Ann Carlson (professor and faculty co-director of the Emmett Institute on Climate Change and the Environment at UCLA Law) and Cara Horowitz (co-director of the Emmett Institute) were interviewed in the New York Times and Los Angeles Times, respectively, about a federal appeals court decision to dismiss Juliana v. United States. The landmark climate change lawsuit was filed by a group of 21 kids and young adults in 2015 argued that the United States government’s use of fossil fuels violates their constitutional rights to life, liberty and property.
Carlson said what surprised her and many other experts was how far the lawsuit had proceeded. “I’ve always thought this case was creative and interesting but a long shot,’” she said, also noting, “There really is a giant dilemma here about the lack of political will to address the problem, [and] the lack of judicial comfort in stepping in to solve the problem.”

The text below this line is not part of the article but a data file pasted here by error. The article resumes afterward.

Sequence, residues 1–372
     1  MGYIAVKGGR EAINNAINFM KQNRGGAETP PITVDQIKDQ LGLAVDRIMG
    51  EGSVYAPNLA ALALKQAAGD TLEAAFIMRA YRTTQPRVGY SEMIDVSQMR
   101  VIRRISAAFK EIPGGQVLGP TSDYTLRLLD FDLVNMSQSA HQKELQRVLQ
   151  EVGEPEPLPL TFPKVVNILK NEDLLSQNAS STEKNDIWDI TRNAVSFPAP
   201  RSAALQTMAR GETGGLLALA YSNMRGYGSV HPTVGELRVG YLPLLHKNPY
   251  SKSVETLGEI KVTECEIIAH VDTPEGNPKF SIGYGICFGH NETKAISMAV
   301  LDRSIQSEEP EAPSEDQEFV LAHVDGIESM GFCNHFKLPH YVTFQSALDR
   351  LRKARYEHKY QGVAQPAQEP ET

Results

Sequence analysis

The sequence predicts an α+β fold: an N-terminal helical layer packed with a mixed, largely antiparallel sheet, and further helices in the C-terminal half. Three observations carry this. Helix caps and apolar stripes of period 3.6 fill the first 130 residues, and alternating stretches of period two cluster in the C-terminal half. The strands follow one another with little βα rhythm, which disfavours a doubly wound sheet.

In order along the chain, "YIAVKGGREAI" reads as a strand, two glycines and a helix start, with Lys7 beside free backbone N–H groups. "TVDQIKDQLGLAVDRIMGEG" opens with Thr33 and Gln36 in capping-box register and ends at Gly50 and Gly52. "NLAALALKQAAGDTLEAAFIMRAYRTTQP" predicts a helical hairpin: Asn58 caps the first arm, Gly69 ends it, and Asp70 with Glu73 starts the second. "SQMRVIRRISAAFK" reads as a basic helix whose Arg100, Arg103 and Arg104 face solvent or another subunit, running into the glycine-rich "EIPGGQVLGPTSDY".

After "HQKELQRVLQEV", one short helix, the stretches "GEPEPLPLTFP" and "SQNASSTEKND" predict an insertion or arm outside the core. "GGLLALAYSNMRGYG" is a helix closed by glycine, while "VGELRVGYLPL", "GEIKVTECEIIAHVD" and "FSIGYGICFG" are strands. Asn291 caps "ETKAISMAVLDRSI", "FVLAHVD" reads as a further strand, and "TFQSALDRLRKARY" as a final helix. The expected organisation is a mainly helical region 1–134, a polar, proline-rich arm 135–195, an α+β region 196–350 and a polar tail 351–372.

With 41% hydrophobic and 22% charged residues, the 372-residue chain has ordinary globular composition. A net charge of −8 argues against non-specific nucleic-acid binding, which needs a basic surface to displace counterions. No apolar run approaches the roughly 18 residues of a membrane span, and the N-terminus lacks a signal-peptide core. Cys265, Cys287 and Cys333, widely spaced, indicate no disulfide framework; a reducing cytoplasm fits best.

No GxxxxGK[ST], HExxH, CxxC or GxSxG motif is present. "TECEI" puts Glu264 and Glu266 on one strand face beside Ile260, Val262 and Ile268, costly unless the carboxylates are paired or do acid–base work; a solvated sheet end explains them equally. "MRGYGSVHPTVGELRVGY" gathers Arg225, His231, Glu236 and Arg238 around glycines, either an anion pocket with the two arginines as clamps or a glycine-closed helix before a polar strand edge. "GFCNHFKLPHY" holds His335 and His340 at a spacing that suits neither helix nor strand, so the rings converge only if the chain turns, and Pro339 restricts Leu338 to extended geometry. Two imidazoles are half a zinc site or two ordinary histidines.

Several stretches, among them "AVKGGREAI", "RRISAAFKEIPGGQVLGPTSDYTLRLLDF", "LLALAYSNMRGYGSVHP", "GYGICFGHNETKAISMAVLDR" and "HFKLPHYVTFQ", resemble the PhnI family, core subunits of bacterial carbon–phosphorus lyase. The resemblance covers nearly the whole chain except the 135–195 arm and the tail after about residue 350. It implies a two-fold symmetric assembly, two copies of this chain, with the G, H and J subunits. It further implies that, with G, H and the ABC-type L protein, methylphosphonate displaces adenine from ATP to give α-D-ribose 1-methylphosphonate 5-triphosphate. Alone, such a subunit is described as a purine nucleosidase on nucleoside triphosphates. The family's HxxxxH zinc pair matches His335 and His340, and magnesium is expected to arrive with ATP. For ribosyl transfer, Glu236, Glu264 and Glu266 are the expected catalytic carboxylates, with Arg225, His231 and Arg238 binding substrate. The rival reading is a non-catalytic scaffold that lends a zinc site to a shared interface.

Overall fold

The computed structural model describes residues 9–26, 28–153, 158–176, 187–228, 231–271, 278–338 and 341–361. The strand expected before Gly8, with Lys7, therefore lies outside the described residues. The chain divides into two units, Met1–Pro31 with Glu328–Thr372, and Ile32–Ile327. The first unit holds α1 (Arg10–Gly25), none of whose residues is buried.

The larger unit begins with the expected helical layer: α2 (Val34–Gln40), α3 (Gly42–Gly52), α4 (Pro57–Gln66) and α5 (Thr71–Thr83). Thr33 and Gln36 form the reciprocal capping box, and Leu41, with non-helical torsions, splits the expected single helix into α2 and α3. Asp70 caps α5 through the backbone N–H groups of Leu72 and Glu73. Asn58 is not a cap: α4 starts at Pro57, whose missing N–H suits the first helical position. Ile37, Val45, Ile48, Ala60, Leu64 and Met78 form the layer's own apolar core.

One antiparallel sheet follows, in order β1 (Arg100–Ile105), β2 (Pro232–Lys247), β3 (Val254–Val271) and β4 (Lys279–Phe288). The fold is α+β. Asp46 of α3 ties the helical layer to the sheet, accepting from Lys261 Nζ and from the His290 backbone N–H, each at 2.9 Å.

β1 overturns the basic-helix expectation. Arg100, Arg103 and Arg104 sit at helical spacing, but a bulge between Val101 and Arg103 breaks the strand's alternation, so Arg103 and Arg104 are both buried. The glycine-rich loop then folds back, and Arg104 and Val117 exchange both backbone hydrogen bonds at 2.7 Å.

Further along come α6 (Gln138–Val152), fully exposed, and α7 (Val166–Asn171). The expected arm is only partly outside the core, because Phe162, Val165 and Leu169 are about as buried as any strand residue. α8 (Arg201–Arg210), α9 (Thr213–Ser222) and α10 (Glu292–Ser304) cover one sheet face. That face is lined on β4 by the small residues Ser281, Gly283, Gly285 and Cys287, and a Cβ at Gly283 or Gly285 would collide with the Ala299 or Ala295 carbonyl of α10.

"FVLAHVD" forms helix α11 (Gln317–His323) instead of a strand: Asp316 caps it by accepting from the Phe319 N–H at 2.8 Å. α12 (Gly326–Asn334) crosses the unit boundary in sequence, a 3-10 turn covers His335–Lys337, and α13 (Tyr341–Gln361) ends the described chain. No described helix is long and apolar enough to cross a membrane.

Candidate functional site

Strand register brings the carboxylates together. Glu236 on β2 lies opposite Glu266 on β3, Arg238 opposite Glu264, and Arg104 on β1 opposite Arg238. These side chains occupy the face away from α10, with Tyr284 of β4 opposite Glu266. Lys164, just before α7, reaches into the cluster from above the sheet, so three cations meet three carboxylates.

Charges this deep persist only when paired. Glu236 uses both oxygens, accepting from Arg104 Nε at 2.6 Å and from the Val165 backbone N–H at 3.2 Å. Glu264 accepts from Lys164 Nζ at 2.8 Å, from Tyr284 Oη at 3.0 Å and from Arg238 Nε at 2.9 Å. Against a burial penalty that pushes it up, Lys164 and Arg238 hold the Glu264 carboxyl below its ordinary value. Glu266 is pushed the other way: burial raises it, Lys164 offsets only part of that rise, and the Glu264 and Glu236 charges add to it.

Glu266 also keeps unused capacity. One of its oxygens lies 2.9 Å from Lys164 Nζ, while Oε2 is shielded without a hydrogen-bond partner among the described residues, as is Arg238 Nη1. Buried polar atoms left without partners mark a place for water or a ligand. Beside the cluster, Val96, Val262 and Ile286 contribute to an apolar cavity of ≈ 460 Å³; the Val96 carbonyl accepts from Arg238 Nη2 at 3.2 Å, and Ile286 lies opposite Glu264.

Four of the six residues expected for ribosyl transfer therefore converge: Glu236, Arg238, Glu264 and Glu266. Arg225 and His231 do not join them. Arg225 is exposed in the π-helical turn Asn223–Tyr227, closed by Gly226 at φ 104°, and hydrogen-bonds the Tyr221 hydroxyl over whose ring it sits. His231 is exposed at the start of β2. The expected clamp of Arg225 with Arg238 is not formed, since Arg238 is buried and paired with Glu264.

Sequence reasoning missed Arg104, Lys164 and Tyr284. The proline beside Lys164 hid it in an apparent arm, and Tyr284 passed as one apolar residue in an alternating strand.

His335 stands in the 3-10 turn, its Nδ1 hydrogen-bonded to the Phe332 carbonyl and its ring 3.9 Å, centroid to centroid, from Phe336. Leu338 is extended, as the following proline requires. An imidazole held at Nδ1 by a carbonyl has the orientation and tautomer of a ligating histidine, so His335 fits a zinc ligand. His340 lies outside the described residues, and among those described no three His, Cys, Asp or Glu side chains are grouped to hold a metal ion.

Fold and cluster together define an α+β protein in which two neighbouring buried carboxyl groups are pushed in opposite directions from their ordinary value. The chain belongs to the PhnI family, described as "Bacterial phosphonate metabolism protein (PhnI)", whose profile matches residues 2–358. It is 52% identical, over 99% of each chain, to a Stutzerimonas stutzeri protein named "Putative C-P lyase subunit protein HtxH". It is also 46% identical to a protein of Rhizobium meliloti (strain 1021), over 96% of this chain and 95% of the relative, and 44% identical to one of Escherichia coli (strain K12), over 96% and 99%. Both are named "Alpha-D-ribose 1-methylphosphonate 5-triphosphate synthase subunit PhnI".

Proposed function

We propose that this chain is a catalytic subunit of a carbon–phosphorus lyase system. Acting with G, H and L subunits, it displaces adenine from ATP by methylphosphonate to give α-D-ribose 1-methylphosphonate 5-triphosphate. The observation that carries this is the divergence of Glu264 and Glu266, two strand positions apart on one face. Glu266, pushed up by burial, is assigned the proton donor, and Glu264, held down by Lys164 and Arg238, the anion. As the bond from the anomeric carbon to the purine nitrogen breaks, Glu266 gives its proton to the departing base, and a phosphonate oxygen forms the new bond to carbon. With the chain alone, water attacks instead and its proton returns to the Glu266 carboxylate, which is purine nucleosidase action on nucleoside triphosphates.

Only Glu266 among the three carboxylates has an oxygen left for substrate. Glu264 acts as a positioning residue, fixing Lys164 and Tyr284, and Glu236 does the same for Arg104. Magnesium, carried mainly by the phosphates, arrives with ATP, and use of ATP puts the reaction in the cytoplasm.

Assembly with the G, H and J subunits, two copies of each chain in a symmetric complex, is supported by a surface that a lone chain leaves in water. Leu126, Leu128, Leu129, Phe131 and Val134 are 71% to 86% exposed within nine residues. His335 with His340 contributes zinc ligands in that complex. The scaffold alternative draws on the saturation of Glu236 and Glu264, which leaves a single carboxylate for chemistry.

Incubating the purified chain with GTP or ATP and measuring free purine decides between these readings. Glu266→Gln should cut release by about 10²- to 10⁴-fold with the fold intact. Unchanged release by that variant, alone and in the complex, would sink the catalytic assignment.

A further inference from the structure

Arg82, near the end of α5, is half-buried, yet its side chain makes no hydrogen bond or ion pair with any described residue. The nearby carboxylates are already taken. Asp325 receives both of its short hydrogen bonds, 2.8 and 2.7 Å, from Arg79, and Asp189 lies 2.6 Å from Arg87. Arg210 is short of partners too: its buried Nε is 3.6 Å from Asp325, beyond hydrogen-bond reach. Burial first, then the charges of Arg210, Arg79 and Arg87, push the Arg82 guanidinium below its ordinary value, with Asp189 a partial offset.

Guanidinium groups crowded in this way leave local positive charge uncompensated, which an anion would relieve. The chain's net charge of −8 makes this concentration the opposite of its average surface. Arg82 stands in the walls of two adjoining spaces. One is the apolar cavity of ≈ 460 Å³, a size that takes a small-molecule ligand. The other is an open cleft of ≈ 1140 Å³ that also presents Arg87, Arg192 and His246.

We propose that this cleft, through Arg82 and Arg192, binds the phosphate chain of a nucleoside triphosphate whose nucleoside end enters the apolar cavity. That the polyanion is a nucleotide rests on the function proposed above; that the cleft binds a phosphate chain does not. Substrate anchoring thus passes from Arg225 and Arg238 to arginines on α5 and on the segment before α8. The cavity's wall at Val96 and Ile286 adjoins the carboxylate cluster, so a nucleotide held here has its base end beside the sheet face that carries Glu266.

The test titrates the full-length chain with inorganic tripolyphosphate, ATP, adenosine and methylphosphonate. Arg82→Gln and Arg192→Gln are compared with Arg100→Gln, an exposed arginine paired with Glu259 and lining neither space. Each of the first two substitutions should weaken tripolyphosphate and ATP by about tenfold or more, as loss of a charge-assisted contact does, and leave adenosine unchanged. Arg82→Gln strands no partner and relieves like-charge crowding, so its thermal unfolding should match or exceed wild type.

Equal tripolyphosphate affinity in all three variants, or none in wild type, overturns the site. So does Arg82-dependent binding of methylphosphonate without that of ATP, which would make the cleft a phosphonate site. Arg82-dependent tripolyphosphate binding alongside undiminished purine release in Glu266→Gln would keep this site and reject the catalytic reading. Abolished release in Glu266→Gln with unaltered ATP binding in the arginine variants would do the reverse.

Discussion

Horowitz told the Los Angeles Times, “The 9th Circuit recognizes that climate change is an existential threat … and agrees that the political branches have not done enough to address this problem in the past and are unlikely to do so in the future. But the court just feels it’s in a really difficult situation.”